- The Washington Times - Saturday, September 25, 2004

President Bush yesterday hammered Sen. John Kerry for disparaging Iraqi Prime Minister Iyad Allawi, whom Mr. Bush described as a hero in need of America’s help, not contempt.

“This brave man came to our country to talk about how he’s risking his life for a free Iraq, which helps America, and Senator Kerry held a press conference to question Prime Minister Allawi’s credibility,” Mr. Bush told an audience in Janesville, Wis.

“You can’t lead this country if your ally in Iraq feels like you question his credibility,” he added. “The message ought to be to the Iraqi people: We support you.”

On Thursday, Mr. Kerry scoffed at assurances by the president and Mr. Allawi that Iraq would be able to hold elections in January. The Massachusetts Democrat also dismissed Mr. Allawi’s optimistic speech to a joint session of Congress, which gave him a hero’s welcome.

“The prime minister and the president are here obviously to put their best face on the policy,” Mr. Kerry said in a press conference after Mr. Allawi’s speech. “But the fact is that CIA estimates, the reporting, the ground operations and the troops all tell a different story.”

Yesterday, an indignant Mr. Bush defended Mr. Allawi, reminding Americans that the former Iraqi exile had once been attacked by ax-wielding assassins sent by Saddam Hussein.

“He came to our country to thank the American people,” the president said. “He came to our country to thank the moms and dads and husbands and wives of those who have sacrificed for his freedom and America’s security.”

He added: “And my opponent chose to criticize the prime minister of Iraq.”

The president’s rebuke did not faze Mr. Kerry’s running mate, Sen. John Edwards, who suggested that Mr. Allawi was merely parroting the president’s lies.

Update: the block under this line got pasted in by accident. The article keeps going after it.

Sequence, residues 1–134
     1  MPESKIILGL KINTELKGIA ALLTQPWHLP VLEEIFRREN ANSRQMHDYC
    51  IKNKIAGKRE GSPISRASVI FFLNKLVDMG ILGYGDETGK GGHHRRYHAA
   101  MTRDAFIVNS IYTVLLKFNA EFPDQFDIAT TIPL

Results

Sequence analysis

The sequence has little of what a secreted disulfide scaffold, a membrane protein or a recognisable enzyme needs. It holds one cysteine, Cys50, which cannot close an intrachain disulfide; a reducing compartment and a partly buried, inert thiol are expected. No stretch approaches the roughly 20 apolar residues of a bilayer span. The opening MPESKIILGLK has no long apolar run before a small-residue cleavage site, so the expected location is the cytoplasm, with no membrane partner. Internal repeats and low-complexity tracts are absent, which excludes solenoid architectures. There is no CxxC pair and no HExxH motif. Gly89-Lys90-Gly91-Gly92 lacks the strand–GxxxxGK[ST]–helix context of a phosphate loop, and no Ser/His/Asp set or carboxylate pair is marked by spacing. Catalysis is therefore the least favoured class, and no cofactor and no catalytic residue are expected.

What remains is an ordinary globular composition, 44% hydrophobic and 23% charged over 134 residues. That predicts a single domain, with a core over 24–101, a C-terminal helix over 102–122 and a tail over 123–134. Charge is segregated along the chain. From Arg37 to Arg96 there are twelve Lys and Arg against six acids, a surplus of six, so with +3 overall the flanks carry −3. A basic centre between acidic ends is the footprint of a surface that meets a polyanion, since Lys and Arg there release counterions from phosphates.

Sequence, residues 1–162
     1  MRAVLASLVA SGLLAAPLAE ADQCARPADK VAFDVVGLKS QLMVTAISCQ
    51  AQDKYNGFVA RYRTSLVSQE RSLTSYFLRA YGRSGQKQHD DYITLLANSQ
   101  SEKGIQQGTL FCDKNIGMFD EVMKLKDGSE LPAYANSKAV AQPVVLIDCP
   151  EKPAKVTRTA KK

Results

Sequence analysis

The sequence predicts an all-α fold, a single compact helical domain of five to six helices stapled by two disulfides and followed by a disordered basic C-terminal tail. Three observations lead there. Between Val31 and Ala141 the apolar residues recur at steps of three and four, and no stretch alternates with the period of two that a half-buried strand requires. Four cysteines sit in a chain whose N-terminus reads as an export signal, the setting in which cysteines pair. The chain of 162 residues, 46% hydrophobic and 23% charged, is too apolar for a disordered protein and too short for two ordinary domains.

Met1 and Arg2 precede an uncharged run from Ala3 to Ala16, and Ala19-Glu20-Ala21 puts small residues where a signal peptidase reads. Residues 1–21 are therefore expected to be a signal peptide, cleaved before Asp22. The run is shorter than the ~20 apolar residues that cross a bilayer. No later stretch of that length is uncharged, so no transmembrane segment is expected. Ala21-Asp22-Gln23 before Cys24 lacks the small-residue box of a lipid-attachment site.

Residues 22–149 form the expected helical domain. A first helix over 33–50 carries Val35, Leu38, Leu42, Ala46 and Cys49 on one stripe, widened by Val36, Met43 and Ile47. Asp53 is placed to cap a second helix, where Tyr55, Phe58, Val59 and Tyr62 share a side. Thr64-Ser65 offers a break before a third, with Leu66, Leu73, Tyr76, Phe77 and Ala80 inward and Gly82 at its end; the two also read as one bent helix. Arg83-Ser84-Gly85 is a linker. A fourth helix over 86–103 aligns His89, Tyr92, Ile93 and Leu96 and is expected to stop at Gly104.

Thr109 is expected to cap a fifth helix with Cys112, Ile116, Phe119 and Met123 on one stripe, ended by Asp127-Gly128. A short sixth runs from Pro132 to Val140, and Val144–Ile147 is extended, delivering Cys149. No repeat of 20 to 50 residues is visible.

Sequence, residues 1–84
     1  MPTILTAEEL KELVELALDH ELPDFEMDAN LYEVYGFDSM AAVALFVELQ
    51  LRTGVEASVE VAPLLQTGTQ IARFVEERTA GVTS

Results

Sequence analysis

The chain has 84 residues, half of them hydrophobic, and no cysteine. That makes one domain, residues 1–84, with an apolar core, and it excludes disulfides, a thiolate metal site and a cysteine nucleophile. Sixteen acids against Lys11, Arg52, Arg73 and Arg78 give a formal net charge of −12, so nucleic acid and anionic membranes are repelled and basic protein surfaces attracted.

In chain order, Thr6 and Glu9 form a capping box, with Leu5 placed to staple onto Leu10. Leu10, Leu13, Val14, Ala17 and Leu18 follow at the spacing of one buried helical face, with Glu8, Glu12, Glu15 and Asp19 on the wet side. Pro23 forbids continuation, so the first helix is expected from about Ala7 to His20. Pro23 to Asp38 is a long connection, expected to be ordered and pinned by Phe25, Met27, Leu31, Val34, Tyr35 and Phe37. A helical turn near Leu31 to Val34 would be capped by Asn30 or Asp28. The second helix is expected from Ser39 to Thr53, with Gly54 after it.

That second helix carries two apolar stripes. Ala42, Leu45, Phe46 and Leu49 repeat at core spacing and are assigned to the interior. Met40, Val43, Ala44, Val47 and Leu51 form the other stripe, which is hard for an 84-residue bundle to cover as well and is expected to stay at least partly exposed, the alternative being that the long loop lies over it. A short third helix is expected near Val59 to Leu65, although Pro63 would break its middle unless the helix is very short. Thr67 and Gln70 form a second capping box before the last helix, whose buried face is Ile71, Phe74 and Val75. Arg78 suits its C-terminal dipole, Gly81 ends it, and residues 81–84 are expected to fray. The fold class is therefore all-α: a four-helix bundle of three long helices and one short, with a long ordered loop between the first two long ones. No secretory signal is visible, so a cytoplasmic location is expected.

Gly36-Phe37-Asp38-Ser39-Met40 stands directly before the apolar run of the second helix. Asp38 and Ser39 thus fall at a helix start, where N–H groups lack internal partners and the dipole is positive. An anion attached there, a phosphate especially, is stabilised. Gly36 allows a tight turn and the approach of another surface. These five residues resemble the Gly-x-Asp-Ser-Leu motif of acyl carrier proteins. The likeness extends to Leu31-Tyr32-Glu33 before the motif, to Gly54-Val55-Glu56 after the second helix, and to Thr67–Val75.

“The best lesson for any fledgling democracy is that leaders should tell the truth, to always be straight with the people,” Mr. Edwards said. “Prime Minister Allawi’s trip to the United States was filled with all the wrong lessons, lessons from an administration that just can’t seem to tell the truth when it comes to Iraq.”

Vice President Dick Cheney, who spent yesterday campaigning in Louisiana, also defended Mr. Allawi.

“I was appalled at the complete lack of respect Senator Kerry showed for this man of courage when he rushed out to hold a press conference and attack the prime minister yesterday right after his speech,” Mr. Cheney said.

“Iyad Allawi is our ally,” he added. “John Kerry is trying to tear him down and to trash all the good that has been accomplished, and his words are destructive.”

Mr. Cheney suggested the prime minister was referring to Mr. Kerry when he warned against pessimism during a joint press conference with Mr. Bush on Thursday.

“When political leaders sound the siren of defeatism in the face of terrorism, it only encourages more violence,” Mr. Allawi said in the Rose Garden.

Senior Kerry adviser Joe Lockhart suggested Mr. Allawi was merely reciting talking points supplied by the president.

“The last thing you want to be seen as is a puppet of the United States, and you can almost see the hand underneath the shirt today moving the lips,” he said after the Allawi-Bush press conference.

Sen. Orrin G. Hatch, Utah Republican, fired back yesterday from the floor of the Senate.

“You know what is really underneath the shirt of Prime Minister Allawi? Scars from an ax attack by Saddam’s henchmen,” he said. “And do you know what is underneath those scars? A brave and patriotic Iraqi heart, beholden to no one but the cause of a free Iraq.”

He added: “When you undermine our principal ally in a war against terror and tyranny, you are undermining our cause.”

White House spokesman Scott McClellan agreed.

He said sarcastically during a press briefing aboard Air Force One that “denigrating our allies is an interesting way to build coalitions,” referring to Mr. Kerry’s principal criticism of the conduct of the war in Iraq — that the administration did not put together a sufficient worldwide coalition.

“Senator Kerry questioned Prime Minister Allawi’s integrity, a brave leader who is risking his life to bring freedom to the Iraqi people,” he said.

“This is part of a pattern by Senator Kerry of showing contempt for our closest friends and allies,” he added. “This is not the first time.”

Last year, for example, Mr. Kerry called the nations that ousted Saddam Hussein — including Britain, Australia and Poland — “some trumped-up, so-called coalition of the bribed, the coerced, the bought and the extorted.”

In March, Mr. Kerry diminished the importance of dozens of nations that were participating in the U.S.-led mission in Iraq.

“Those countries are really window dressing,” he said.

LOAD COMMENTS ()

 

Click to Read More

Click to Hide